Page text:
With the new policy existing, I can go back to the existing keys, set the policy to the new policy, and it encouragingly says “Key Expiry values are being overwritten by [new policy] Policy” with key expiration is set to Never, great: but again I can’t seem to update & save the key, and so re-visiting the page again says that it’s expired some time ago.

Because it’s not clear to me what Key means in this context and what it’s used for, I’m not even sure it’s true that I want the key to never expire, or even be long-lived - does this just refer to just some internal representation of the user? I’m not sure what the advantage is of having a default setting where users are able to log in initially and then never again after some expiry date?

I’m happy for there to be no Tyk internal representation of the user ever, I can handle that on the services’ side. Is this just something for Tyk Pro and the dashboard - that is, if I’m just using Tyk CE can I avoid all of this?

Are there any suggestions as to how I proceed to give a demo using Tyk + OIDC for my colleagues?

Tyk uses an internal representation of the user to track rate limits and quotas across subsequent JWTs. It uses the Tyk “key” mechanism to achieve this - it’s essentially an internal token that represents the subject claim.

If you can access this key (it will be a short hash) then all you need to do is delete it, Tyk will recreate it based on the associated OIDC client policy with the new expiry time set to never for the internal token (this is fine to never expire, because Tyk will always first validate the JWTs expiry.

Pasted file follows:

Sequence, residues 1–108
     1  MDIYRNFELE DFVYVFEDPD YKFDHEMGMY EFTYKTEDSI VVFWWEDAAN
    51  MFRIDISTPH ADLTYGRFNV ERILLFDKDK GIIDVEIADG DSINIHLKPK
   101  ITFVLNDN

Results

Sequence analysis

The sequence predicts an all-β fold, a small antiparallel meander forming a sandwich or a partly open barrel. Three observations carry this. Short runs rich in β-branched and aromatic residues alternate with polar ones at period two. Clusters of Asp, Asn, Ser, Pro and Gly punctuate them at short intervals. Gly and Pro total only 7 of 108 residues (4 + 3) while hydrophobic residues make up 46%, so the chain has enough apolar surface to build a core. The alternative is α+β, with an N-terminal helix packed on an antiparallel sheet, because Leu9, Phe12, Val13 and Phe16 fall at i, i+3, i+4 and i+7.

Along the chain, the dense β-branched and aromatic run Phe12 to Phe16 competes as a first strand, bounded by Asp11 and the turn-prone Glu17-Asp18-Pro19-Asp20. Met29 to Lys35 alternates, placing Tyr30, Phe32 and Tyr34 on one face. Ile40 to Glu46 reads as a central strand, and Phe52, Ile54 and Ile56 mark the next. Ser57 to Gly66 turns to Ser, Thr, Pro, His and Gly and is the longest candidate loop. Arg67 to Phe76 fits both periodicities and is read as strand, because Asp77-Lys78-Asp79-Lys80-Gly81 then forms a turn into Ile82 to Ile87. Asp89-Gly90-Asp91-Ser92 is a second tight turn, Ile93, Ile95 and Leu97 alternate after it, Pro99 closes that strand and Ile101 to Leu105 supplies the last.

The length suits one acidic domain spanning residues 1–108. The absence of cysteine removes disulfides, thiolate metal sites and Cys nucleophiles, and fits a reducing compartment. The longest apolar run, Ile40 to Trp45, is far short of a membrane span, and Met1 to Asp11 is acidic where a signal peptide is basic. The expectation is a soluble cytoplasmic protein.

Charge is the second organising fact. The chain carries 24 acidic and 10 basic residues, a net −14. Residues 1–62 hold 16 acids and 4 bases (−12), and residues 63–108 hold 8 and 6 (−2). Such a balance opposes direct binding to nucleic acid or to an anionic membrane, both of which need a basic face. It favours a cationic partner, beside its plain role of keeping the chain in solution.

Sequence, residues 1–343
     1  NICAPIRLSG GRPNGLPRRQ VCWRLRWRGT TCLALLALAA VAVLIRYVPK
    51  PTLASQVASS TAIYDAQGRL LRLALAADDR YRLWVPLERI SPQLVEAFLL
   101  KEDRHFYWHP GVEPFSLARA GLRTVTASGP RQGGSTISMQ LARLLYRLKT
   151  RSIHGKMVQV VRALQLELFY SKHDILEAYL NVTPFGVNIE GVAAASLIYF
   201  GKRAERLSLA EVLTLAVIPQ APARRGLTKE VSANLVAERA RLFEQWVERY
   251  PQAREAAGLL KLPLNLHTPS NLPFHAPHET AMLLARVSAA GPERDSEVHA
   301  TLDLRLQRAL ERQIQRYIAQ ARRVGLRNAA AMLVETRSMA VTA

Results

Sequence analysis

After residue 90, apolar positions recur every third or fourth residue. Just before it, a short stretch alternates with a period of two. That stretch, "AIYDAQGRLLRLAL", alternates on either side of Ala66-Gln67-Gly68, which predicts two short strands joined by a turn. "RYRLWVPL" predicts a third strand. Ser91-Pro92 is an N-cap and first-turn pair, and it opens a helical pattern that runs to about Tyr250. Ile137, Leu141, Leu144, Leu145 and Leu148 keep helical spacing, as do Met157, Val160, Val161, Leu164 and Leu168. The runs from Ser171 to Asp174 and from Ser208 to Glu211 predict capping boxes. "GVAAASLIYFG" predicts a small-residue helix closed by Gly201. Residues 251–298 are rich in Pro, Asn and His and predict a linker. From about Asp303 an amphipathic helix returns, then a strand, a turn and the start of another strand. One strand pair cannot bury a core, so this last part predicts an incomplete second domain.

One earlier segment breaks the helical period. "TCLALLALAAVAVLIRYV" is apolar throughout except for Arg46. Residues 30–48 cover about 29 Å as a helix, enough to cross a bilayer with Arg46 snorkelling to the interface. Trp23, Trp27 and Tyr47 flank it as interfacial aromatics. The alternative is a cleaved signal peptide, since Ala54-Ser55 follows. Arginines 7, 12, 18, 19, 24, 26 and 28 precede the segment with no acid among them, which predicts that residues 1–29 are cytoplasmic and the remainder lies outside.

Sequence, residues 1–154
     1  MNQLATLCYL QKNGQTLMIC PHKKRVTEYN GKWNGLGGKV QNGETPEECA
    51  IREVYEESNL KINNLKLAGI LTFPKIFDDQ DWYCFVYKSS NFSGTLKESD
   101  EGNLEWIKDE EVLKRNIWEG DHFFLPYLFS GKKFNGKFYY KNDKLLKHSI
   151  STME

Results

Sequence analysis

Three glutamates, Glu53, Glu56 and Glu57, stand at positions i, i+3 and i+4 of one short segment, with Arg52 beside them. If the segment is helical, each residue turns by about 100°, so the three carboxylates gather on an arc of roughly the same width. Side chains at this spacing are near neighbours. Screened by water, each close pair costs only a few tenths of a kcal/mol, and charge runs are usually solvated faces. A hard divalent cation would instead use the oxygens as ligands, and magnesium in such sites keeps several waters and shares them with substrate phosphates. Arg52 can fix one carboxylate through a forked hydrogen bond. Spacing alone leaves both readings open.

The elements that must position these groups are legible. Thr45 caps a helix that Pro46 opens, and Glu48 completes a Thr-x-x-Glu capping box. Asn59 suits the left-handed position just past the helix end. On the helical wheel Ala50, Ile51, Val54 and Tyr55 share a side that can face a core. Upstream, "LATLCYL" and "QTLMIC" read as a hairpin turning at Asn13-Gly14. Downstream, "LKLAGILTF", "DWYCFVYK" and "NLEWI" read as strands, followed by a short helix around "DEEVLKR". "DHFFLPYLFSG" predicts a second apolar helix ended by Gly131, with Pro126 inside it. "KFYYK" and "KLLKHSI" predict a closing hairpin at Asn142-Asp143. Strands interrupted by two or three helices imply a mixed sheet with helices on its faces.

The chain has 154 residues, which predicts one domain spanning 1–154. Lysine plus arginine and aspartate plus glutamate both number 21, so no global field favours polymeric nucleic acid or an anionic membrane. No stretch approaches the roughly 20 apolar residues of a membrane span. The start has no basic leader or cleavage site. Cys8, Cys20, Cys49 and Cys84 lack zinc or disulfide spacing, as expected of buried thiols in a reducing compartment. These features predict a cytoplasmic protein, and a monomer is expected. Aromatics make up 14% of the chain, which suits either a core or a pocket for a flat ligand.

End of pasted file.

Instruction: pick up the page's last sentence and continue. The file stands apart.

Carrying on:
Hi, Martin:

Great - thanks for the explanation! Unfortunately, I can’t seem to delete the key? As I mentioned before, all I get is “Could not delete key”.

Is there an option outside of the cloud dashboard to do so? \

Ah, hashed key editing may be disabled in cloud. There’s two ways:

  1. You generate the original raw key yourself - I believe it’s your org ID + b64(sub) and use the dashboard api to delete it

  2. We do it for you - could take a while though

Ok, I’ll give that a try. Thanks!

Hi Martin,

We’ve run into a similar issue on our deployment.

As suggested we set our policy key expiration to “Do not expire key”.

From what I’ve read and observed the OIDC token to internal Tyk key mapping is based on the username in the JWT. No problem there…

The problem arises when we need to update a policy (we add an API for example).

At this point we are hosed. We have the Tyk key sticking around with stale policies. We have been able to manually delete:

curl --header "x-tyk-authorization: 12345" -X DELETE https://api.all.the.things/tyk/keys/bce9c01c?hashed=true

This isn’t really manageable at any scale.

Is there any sort of flush / delete all the active keys capability? We’re ok that we would lose state on quota. The access policies as you might imagine are of primary importance.

Thanks much


upgraded to 2.6.1 and set "enable_hashed_keys_listing": true,

It’s not pretty, but we can manually script the flushing of keys/sessions on policy updates.